This post is the thirty-third in a series about writing a novel. You can check out the list of past topics at the end of this post.
In the process of editing your novel, you may want to turn it others to help you polish your story. Today I am going to discuss beta readers, proofreaders, and copy editors.
What is a beta reader?
A beta reader is someone who reads a work of fiction with a critical eye before it is released to the public. They may catch spelling, grammar, characterization, and continuity errors. Unlike editors, these people are usually unpaid and often see your work in a rough state.
The term beta reader comes from the software industry where “beta” testers try out software before a major release to the public in order to identify problems.
Why use a beta reader?
Many authors like to use beta readers to improve the quality of their work before submitting it for professional editing and critique. Beta readers may question why a character does or does not do something. They may catch errors such as a change of location (the fight takes place in a bar but is later told to have taken place at the school), the way a character is dressed (a blue shirt all of a sudden is red) or which characters are in the room at the time (Charles may have left for work but then appears in a scene at home).
The fact is that as authors, we are so close to our own manuscripts that we cannot see them objectively. Things that are clear in our mind, may not come across the same way to others reading it. We may leave out vital steps in an explanation and not realize it since we know what we mean. Beta readers allow you to fine tune and polish your work before presenting it to the world.
How to find a beta reader?
There are websites that provide directories of beta readers broken down by genre. Or you can post on writing forums that you are looking for a beta reader or even post on your own blog.
Of course, you can also find a beta reader in your family or from your fan base but be warned their comments may not totally be objective.
Finding a good beta reader – one who reads your genre and is of your target market in terms of age, gender and interest – can be a lot of work but worth it. You need someone who will tell you the truth without worrying about hurting your feelings. Writers typically make good beta readers as they understand the writing/creative process.
To use a beta reader, you need a “thick skin” to be able to hear negative feedback, absorb it, learn from it and apply changes derived from it.
A proofreader is someone who looks over your manuscript for grammar, punctuation and spelling mistakes. A proofreader should see your manuscript AFTER all the editing and after beta readers have made their suggestions (and you have made all your changes). Basically, they should see your manuscript when it is ready for publication. Their job is NOT to make revisions but to make corrections.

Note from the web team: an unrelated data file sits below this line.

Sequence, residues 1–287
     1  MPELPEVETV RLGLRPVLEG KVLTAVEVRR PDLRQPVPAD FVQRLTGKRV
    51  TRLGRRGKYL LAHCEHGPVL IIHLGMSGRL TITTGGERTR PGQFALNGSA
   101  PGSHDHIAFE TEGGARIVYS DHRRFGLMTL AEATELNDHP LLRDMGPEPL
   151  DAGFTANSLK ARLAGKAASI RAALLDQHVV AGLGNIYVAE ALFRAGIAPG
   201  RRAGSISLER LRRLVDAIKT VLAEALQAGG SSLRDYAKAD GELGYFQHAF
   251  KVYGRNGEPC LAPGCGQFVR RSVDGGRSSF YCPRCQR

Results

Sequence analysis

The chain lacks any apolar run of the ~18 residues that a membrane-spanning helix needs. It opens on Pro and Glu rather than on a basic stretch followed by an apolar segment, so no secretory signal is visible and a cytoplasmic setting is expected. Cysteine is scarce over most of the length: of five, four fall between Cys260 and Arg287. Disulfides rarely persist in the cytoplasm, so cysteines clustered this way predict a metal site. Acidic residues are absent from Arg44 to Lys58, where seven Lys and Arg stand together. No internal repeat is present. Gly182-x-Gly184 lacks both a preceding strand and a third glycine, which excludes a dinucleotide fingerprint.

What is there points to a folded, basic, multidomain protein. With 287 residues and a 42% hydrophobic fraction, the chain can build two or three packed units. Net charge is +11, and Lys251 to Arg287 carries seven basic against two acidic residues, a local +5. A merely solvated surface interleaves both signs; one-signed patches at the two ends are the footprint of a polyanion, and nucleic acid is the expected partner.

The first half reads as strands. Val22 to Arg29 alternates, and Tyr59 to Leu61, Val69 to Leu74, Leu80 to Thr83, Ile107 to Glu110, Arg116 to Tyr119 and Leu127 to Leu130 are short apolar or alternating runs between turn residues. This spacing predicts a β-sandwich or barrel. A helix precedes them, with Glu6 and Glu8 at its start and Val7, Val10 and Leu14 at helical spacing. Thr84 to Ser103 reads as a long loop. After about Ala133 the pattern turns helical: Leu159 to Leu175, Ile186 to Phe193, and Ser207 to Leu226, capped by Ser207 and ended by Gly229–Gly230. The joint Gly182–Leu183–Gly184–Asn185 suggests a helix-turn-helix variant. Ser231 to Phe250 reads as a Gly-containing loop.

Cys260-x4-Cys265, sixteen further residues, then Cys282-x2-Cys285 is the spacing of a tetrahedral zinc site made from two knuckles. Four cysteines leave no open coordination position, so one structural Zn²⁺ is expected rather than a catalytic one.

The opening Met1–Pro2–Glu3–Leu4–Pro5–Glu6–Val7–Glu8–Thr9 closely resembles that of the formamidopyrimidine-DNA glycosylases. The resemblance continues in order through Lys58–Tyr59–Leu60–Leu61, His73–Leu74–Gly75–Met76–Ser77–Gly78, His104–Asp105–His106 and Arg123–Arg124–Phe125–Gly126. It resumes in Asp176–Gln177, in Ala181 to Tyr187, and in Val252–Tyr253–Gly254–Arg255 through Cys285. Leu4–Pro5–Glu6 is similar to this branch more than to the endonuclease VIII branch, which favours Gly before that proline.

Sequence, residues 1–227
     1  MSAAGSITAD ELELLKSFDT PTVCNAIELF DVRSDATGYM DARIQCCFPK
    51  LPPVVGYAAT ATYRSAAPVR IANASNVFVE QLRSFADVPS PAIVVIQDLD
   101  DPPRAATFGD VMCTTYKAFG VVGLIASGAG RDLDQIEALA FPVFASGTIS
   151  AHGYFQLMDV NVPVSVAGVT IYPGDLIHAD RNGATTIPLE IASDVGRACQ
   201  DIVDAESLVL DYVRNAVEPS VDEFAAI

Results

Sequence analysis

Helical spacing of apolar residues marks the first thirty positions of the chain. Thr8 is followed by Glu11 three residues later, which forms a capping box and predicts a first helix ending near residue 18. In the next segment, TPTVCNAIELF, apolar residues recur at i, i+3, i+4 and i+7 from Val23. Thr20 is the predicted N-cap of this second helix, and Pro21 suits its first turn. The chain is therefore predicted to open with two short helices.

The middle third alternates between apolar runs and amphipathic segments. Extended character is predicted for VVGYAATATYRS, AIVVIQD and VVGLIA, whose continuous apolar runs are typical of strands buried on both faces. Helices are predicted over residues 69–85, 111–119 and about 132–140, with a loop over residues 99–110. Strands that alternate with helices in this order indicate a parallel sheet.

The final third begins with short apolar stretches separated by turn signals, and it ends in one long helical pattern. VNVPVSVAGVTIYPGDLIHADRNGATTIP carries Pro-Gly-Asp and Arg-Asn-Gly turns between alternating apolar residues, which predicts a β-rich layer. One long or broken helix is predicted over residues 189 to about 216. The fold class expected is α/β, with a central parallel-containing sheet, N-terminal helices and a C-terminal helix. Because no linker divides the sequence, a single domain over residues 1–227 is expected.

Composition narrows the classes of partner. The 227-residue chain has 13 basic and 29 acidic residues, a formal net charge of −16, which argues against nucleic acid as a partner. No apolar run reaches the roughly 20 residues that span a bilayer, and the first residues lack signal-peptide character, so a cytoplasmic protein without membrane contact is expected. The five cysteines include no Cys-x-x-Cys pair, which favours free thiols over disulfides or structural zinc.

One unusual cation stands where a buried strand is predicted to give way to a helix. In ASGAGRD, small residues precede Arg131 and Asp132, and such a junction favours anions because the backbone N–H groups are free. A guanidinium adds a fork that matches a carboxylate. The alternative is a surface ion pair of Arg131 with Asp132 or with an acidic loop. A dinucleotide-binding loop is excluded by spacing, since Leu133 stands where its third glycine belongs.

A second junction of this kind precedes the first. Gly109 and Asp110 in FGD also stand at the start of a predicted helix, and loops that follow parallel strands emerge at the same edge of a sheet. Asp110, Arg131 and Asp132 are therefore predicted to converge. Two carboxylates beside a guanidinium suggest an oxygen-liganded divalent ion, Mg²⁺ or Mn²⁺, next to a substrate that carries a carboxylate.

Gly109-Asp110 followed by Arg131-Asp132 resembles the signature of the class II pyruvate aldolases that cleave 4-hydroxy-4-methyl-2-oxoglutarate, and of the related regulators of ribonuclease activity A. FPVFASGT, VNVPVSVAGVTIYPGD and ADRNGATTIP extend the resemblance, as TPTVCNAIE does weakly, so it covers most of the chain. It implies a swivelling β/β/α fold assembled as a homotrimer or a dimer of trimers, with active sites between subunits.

In the world of publishing paper books, a proofreader was one of the last to review the book. They would be looking at the final copy as it would print. If there were too many end-of-line hyphens in a row or a blank section break at the top of a page, they would correct those and other esthetic issues in addition to checking grammar and spelling.
Nowadays, as software improves, the need for someone to proofread for spelling and grammar errors diminishes and you may want to use grammar software such as Grammerly or WhiteSmoke. These are comprehensive grammar checking programs but of course no software can completely replace having someone proof your work. (I will discuss these programs in more detail in a future post.)
Many proofreaders charge by the hour while others charge by the word. Copy editors also usually offer proofreading as part of their services.
While proofreading is done at the end, an editor may work over long periods of time with a writer until the manuscript is perfected. It is a much more involved process that can take months. And while some may argue editing also refers to finding typos and grammar errors, editing involves one major factor that proofreading does not: content.
A copy editor reads your work and makes corrections so it follows the conventions of good writing. They can find flaws in your story or help you flesh out a sub-plot. They refine word choices and make sure the manuscript’s syntax is smooth. The copy editor may suggest reorganizing, recommend changes to chapter titles and call out lapses in logic or sequential slip-ups. They will ensure continuity through chapters and ensure dialog is believable.
If employing both, use an editor first and then the proofreader afterwards. Editors may charge by the hour, by the page or even by the word.